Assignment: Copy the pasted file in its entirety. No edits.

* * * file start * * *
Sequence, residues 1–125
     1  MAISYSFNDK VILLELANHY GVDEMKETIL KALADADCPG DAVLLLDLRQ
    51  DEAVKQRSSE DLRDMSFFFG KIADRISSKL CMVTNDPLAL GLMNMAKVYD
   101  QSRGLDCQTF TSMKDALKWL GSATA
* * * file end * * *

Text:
Sequence, residues 1–125
     1  MAISYSFNDK VILLELANHY GVDEMKETIL KALADADCPG DAVLLLDLRQ
    51  DEAVKQRSSE DLRDMSFFFG KIADRISSKL CMVTNDPLAL GLMNMAKVYD
   101  QSRGLDCQTF TSMKDALKWL GSATA